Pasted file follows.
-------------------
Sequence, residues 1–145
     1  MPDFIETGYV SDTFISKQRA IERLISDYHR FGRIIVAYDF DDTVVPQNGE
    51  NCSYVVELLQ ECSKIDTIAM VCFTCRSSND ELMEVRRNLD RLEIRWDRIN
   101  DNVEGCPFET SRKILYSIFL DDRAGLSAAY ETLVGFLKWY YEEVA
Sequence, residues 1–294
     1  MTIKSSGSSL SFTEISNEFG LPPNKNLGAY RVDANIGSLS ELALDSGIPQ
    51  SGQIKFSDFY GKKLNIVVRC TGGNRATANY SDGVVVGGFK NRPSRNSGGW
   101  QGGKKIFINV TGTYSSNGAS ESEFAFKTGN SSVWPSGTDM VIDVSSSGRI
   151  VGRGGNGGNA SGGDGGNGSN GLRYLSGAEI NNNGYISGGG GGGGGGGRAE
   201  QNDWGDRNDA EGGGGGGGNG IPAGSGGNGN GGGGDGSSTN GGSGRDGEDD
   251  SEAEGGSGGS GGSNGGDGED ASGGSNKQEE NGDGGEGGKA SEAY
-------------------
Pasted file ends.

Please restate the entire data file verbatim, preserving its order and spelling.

Sequence, residues 1–145
     1  MPDFIETGYV SDTFISKQRA IERLISDYHR FGRIIVAYDF DDTVVPQNGE
    51  NCSYVVELLQ ECSKIDTIAM VCFTCRSSND ELMEVRRNLD RLEIRWDRIN
   101  DNVEGCPFET SRKILYSIFL DDRAGLSAAY ETLVGFLKWY YEEVA
Sequence, residues 1–294
     1  MTIKSSGSSL SFTEISNEFG LPPNKNLGAY RVDANIGSLS ELALDSGIPQ
    51  SGQIKFSDFY GKKLNIVVRC TGGNRATANY SDGVVVGGFK NRPSRNSGGW
   101  QGGKKIFINV TGTYSSNGAS ESEFAFKTGN SSVWPSGTDM VIDVSSSGRI
   151  VGRGGNGGNA SGGDGGNGSN GLRYLSGAEI NNNGYISGGG GGGGGGGRAE
   201  QNDWGDRNDA EGGGGGGGNG IPAGSGGNGN GGGGDGSSTN GGSGRDGEDD
   251  SEAEGGSGGS GGSNGGDGED ASGGSNKQEE NGDGGEGGKA SEAY